COBRA Benefits In Danger Of Expiring As Lawmakers Fight Over Cost
Some unemployment benefits will likely soon expire as lawmakers fight over the cost of legislation that would extend benefits such as health insurance coverage under COBRA.
The Washington Post: "Last week, the House approved a $9 billion measure containing one-month extensions of unemployment insurance, COBRA health benefits and federal flood insurance. Senate Democrats hoped to have their chamber approve the same bill Thursday. But Republicans refused, complaining that the bill is not offset with spending cuts elsewhere." Negotiations between Senate Majority Leader Harry Reid and Senate Republican Leader Mitch McConnell didn't yield results as House Speaker Nancy Pelosi opposed an idea to extend the benefits for one or two weeks, and to pay for it. "As a result, the House and Senate will leave town without further action. COBRA and flood insurance will expire March 30, and unemployment benefits will expire April 5. The Senate will return to session April 12." A spokesman for Reid said the benefits will be the first piece of business the Senate considers when it returns (Pershing, 3/26).
The Hill: Sen. Tom Coburn, R-Okla., opposed the legislation the House passed "because its cost - $9.2 billion - wasn't offset and would increase the $12.7 trillion national debt. Democrats are considering passing an extension that could be applied retroactively when they return April 12, according to Sens. Barbara Mikulski (D-Md.) and Tom Carper (D-Del.)." Democrats and Republicans continued trading barbs Thursday about who was standing in the way of some Americans' benefits (Alarkon and Bolton, 3/25).
Politico: "Senate Minority Whip Jon Kyl (R-Ariz.) said both Senate Democrats and Republicans agreed to approve a fully paid-for one week extension of the benefits, but the House Democrats rejected that offer. 'When a Democrat Senate spoke with a Democrat House, the deal was terminated,'" he said. But, "other Democrats in the Senate were quick to point the finger at the other side of the aisle, saying that the GOP was being insensitive [to] the jobless by insisting that the bill be paid for through the economic stimulus package, which is supposed to create jobs" (Raju, 3/25).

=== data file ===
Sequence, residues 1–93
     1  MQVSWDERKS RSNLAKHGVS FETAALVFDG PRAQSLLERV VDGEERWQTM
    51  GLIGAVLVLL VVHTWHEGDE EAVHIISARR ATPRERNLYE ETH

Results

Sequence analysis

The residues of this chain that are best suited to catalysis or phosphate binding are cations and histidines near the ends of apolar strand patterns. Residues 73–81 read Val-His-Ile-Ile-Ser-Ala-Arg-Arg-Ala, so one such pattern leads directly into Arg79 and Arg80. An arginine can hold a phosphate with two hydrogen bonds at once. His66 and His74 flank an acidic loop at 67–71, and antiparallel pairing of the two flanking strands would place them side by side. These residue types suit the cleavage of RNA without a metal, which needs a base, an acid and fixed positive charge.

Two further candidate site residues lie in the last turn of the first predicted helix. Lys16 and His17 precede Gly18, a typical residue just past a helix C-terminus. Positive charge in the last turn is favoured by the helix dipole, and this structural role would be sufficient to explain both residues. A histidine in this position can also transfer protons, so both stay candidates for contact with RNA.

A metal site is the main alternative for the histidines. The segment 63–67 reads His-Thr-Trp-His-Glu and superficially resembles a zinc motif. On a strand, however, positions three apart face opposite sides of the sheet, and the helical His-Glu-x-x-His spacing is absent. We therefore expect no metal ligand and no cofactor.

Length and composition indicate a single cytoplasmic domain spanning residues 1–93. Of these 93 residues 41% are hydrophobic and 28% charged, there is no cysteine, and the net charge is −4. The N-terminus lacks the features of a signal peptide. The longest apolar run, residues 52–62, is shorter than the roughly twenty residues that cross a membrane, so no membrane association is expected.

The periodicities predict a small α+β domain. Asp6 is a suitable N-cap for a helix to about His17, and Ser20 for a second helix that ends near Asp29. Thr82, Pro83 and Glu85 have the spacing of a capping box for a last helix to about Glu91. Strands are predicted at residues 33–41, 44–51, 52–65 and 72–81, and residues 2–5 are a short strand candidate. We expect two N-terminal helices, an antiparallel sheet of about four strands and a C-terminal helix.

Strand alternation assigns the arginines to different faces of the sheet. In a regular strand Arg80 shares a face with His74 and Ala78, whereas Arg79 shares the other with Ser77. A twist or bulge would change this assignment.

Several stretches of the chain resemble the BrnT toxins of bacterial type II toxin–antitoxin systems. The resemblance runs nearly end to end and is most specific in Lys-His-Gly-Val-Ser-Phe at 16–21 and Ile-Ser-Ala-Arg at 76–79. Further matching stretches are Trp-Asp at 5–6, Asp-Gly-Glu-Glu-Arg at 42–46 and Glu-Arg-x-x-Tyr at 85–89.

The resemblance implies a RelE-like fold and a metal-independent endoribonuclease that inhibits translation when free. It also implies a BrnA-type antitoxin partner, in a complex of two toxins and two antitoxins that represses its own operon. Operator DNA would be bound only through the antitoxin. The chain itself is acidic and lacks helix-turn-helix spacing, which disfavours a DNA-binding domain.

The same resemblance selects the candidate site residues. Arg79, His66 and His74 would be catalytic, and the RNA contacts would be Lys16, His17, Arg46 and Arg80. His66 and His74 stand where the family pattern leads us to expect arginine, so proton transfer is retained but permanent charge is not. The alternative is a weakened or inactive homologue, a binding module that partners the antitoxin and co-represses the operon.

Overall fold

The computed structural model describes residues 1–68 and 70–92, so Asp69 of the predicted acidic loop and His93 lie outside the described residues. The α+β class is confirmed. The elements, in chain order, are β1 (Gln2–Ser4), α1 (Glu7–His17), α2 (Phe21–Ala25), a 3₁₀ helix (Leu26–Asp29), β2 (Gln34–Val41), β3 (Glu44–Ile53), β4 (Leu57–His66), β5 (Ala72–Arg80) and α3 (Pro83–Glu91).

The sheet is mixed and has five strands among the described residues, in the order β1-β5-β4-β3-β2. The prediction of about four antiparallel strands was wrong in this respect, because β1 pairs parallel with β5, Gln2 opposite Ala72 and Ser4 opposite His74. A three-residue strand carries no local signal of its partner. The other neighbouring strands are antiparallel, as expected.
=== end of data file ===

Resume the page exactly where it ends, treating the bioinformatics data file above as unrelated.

Investopedia/San Francisco Chronicle has a rundown of what COBRA is, what it provides and what could happen if coverage for laid-off workers lapses. In addition, it reports that the Senate has passed a COBRA extension bill, but it is different from the House version in that it is paid for and is awaiting action from the House. "On March 10, 2010, the Senate passed The American Workers, State and Business Relief Act (H.R. 4213). It extends COBRA benefits through the end of the year. The bill has a price tag of approximately $190 billion. It is now up for consideration in the House of Representatives, for differences to be resolved before the bill is signed by the President. Inevitably, the extensions will come to an end. However, the latest extension will provide more affordable coverage for Americans who may have otherwise been without insurance. For those with benefits set to expire at the end of 2010, at least there is more time to explore future options for employment and insurance coverage" (Silver, 3/25).